Browsing Tag:


2018 gift guide: writer’s block

Posted in Shopping by

gift ideas for writers

It’s that time of year again! Holidays always seem to be the time of year where we feel totally stumped by the people we want to gift. Either they have everything, or they don’t “need” anything. Sometimes it’s a really nice gesture to take a deep look at the recipient’s personality and connect that to any gifts you want to give them. It’s a good tip to keep in mind year-round!

There are tons of different kinds of writers – novelists, journalists, essayists, bloggers, or those who like to journal every day. Show your support for their passion with some of these hand-picked items!

Easy Tiger Literary AF Pen: There’s something about writing with a pen and paper that makes me feel super accomplished, plus removing a computer from the equation can cut down on distractions, increasing productivity and focus. This one from is super heavy duty and features a replaceable ink cartridge, so when they use it up, they can keep on going with this super sleek pen.

Writer Emergency Pack: These are great for both daily writing exercises or to get over a hump in a new piece. Each card provides a tip, situation, or some other way to look at a scene. I used to have these and loved using them to write quick flash fiction pieces.

On Writing Well: This book is a classic for a reason. The style of the book, the timelessness of the advice, and the practical skills make it a must-read for any writer (and that includes people who write anything through the day, be it a text message to your friend or an email to your boss.)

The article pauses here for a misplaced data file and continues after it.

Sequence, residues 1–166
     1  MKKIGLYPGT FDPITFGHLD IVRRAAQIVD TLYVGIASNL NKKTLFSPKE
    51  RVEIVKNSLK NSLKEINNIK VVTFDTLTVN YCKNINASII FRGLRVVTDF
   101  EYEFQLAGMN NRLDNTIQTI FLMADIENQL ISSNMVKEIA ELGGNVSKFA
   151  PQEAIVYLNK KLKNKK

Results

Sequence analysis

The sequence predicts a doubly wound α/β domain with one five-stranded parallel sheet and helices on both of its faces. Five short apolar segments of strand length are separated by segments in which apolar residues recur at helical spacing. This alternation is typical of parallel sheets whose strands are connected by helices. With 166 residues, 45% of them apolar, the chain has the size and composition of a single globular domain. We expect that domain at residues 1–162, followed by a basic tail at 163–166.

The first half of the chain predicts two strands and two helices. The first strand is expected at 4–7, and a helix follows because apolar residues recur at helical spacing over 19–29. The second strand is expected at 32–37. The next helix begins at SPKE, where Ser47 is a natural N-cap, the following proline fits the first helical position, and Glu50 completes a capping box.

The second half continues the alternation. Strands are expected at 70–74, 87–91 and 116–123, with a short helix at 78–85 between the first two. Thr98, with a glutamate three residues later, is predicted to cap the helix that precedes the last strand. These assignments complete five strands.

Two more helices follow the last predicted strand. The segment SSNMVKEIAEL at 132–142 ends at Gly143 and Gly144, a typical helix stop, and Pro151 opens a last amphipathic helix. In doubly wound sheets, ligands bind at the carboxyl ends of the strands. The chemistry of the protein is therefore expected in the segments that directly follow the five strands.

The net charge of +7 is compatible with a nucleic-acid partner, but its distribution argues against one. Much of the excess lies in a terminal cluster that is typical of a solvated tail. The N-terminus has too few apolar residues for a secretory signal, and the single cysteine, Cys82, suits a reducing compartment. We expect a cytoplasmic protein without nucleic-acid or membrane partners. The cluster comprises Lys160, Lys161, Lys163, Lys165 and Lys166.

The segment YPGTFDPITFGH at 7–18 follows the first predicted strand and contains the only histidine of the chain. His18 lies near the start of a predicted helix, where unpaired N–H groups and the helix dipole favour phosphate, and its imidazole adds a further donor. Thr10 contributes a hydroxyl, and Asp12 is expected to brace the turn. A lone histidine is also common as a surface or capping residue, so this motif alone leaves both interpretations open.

Scrivener: Every writer has their favorite word processor, so they might already have something they’re married to. Even so, Scrivener is widely regarded as the be-all, end-all of writing softwares for writers. Scrivener creates index cards for everything so it’s easy to reorganize, features a robust outliner tool, and basically just provides any feature a writer could dream of. (Plus, the company is called Literature and Lattes. I love that.)

Aquanotes: While it seems like a quirky white elephant gift, these do actually sound pretty useful. I can’t tell you how many ideas I’ve lost in the shower, and the ability to jot down a few notes for later is invaluable.

Frixion Pens: These are some of my favorite kinds of pens. They’re erasable and come in tons of different colors – there are even highlighters to go along with them. I love using these in my bullet journal and planners, but they’d also be great for outlining stories or mindmapping plot points.

Novel Teas: No secret that I love tea! There’s something about a warm cup of tea or coffee on my desk that puts me in the writing zone. These cute ones are themed to American Classics, so the quotes on the bags could offer some motivation through writer’s block. Maybe they’ll be on the next run of bags!

Tea Press/Travel Mug: Even if your writer doesn’t like loose leaf tea, this travel mug is a must-have. Dani and I both bought them recently, and it keeps your drinks hot for HOURS. My tea was so hot that after an hour, I finally took the lid off to let it cool down, and four hours after I made it, it was still warm and toasty!

Aloe Plant: Or any kind of plant, really, but studies have shown that plants can increase productivity! I have this aloe plant and love the nice ceramic pot it came in. Costa Farms on Amazon has many other different options, including hard-to-kill varieties like pothos and snake plants.

What’s on your list? What’s your favorite tool for writing?